We undertake a number of activities to help members reunite with their lost super. Our annual postcode data campaign, released on 11 October 2018, generated significant media coverage and raise awareness of superannuation in the community5.

    As a result of this campaign, use of the ATO Online service increased as more than 66,000 people used the system to find and consolidate over 105,000 accounts worth more than $860 million.

    We also support superannuation funds to be able to reunite their members with their superannuation. We provide superannuation funds with the most recent member contact details reported to us when the fund reports a member as lost. This process is happening on a regular and automated basis since the implementation of Member Account Attribute Service (MAAS).

    Funds also have the option of building the ‘Provision of Details Service’ (PODS) which can be used to obtain current contact details that we hold for members at risk of becoming lost. Between 1 July 2018 and 30 June 2019, we responded to approximately 1.1 million PODS requests for contact details.

    Small lost superannuation accounts under $6,000 are transferred to the ATO as unclaimed superannuation money (USM).

    As at 2 July 2019, we hold 5.39 million accounts worth $3.98 billion. This consists of:

    • 5.07 million USM accounts worth $3.86 billion.
    • 324,232 Superannuation Holding Accounts special account (SHAsa) worth $112.86 million.

    We have undertaken a number of pro-active campaigns to encourage people to take action and claim their ATO held super:

    • In April this year we contacted 78,000 individuals with a myGov account linked to the ATO, via email. In the two months following the campaign, 14% of individuals have taken action claiming $14 million.
    • In April 2018, we issued 80,000 emails, 10,000 letters and 10,000 SMS to 100,000 individuals. In the six months following the campaign, 30% of individuals have taken action claiming $81 million.

    We also have ongoing communication and marketing strategies to draw attention to and encourage individuals to keep track of their superannuation via ATO Online services (accessed via myGov account). These include:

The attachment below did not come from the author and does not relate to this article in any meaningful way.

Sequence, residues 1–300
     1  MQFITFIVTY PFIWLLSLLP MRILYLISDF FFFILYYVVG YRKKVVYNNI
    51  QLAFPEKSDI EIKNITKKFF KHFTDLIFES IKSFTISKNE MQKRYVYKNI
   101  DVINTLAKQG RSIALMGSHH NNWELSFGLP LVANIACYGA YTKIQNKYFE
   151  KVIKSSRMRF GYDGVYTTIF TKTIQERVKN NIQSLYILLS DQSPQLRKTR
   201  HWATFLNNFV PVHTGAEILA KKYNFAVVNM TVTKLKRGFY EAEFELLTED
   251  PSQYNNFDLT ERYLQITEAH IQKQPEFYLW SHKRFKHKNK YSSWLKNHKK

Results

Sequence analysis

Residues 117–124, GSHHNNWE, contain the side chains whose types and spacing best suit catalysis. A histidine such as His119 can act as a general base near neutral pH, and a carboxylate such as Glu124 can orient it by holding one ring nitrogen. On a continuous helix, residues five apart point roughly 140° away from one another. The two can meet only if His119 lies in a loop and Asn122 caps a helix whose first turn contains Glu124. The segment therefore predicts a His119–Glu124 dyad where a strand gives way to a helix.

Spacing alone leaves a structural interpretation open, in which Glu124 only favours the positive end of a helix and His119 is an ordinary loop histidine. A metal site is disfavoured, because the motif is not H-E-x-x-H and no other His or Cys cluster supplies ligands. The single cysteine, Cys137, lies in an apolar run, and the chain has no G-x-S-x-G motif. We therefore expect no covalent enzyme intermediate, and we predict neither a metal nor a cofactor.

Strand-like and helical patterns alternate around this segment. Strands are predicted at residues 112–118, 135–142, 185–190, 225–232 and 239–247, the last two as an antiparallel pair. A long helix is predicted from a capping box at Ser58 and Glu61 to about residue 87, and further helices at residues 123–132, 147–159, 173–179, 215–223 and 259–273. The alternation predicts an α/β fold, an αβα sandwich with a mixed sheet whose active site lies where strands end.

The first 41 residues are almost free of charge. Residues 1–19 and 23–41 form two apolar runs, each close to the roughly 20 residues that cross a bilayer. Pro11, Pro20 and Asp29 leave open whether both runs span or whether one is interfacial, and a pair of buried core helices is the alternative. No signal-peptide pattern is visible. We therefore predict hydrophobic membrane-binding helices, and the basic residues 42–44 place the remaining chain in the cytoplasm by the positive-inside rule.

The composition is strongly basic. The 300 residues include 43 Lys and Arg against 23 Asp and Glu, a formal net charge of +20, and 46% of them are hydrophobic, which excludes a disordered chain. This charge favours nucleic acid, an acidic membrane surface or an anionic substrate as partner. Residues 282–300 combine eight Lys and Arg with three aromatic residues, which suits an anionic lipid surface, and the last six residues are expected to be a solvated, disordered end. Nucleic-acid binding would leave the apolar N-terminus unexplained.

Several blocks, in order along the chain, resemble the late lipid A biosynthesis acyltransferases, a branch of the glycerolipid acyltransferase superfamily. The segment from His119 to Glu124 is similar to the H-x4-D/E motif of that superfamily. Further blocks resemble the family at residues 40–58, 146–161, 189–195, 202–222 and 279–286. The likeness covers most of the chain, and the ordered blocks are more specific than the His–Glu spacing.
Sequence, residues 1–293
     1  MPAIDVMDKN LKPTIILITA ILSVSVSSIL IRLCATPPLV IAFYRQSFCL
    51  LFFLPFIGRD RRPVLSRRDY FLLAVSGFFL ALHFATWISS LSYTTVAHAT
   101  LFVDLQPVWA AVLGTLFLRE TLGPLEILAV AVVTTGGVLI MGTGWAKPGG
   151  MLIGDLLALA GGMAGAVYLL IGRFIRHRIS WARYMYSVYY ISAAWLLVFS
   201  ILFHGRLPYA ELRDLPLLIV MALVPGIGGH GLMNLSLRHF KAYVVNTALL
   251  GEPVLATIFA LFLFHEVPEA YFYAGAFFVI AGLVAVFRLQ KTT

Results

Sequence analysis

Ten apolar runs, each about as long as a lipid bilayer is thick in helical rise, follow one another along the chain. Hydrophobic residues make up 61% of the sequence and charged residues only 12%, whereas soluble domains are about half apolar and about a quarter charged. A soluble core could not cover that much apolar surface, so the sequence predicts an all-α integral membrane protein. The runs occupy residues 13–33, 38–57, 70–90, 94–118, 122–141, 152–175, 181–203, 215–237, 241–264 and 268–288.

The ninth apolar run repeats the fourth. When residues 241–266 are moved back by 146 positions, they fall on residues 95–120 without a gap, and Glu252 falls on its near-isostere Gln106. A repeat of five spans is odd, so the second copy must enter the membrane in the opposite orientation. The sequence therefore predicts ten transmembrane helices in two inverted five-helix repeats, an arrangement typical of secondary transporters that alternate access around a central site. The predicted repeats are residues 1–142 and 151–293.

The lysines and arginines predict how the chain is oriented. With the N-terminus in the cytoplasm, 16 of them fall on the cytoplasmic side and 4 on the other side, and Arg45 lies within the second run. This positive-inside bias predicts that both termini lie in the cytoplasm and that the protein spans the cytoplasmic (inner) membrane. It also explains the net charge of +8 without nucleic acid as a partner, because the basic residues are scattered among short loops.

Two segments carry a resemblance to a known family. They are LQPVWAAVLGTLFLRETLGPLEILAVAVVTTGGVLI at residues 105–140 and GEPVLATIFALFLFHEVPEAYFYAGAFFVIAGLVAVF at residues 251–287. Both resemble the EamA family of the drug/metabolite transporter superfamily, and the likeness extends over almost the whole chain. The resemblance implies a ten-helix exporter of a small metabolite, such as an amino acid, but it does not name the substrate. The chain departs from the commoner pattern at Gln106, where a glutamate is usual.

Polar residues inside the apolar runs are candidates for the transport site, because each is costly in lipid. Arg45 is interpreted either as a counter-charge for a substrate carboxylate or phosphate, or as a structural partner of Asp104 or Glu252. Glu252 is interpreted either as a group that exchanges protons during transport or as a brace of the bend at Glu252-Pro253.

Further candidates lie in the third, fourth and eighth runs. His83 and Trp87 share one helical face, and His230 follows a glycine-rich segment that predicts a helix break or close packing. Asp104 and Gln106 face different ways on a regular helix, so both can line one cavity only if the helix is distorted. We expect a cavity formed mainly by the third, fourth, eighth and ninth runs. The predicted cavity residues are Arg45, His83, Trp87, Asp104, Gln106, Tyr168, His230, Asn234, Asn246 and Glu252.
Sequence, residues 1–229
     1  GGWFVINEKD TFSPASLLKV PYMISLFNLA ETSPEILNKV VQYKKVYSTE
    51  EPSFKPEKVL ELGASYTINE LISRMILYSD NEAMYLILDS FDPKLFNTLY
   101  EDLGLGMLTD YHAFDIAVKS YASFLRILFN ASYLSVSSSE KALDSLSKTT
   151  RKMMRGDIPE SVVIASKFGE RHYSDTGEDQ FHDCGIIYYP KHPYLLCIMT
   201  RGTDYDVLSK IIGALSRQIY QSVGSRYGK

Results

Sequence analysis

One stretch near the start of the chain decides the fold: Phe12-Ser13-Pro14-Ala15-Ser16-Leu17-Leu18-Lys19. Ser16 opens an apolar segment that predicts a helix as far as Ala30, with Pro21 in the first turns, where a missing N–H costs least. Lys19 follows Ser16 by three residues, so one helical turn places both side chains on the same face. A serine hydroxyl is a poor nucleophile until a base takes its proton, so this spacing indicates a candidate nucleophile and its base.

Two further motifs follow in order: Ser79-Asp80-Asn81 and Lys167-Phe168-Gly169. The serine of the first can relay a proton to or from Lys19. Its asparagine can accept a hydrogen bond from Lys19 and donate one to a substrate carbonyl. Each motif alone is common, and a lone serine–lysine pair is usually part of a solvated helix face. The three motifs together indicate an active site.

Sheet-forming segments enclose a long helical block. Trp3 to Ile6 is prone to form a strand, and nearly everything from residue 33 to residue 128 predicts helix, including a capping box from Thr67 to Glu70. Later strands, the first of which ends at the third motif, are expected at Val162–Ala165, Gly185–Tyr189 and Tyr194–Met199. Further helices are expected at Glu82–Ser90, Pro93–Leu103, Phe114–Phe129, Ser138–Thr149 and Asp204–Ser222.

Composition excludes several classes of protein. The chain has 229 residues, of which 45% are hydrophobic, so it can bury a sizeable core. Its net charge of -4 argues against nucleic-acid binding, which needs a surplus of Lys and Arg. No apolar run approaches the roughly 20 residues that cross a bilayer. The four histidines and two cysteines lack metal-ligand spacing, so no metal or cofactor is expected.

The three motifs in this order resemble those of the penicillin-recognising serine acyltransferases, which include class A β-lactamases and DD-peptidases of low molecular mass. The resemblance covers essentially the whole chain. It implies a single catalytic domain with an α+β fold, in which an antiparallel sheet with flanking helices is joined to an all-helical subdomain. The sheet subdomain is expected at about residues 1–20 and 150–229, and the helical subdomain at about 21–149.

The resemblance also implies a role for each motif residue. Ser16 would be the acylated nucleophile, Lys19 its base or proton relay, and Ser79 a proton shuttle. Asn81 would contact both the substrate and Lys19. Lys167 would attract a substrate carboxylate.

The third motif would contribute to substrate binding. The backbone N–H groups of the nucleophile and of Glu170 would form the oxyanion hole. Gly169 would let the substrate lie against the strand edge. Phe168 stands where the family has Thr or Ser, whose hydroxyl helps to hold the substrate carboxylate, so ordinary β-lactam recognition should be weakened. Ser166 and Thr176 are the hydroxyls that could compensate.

• social media campaigns (Facebook, Twitter, LinkedIn)
    • web content
    • online videos, including foreign language videos on www.ato.gov.au
    • printed material distributed at community and business events.

    These activities aim to draw attention to the issue and encourage individuals to access ATO online (via their myGov account) to check and reconnect with their superannuation accounts.

    Protecting your Super package and ‘low balance accounts’

    The Treasury Laws Amendment (Protecting Your Superannuation Package) Act 2019 received royal assent on 12 March 2019. The law introduces a number of initiatives to protect individuals’ retirement savings from fee erosion and unnecessary insurance.

    Under the legislation, the Commissioner can proactively reunite people with the unclaimed super amounts. Specifically as part of the ATO accountability under the new law is the administration of the legislative changes which introduced a new power that allows the ATO to initiate a transfer of ATO-held unclaimed super money to an active account of the individual.

    Subject to the reporting from funds, from October this year, we will commence the proactive reunification process.

    This new ability to reunite people with their lost or unclaimed super has some more positives for individuals. It also assists in reducing multiple accounts and protecting individual accounts from fee erosion and unnecessary insurance thereby improving people’s retirement balance.

    Teaching super to youth in schools to increase superannuation literacy and understanding

    The ATO has a long-standing schools education program. The program plays an important role in educating young Australians about the importance of taxation and superannuation systems to Australia’s way of life.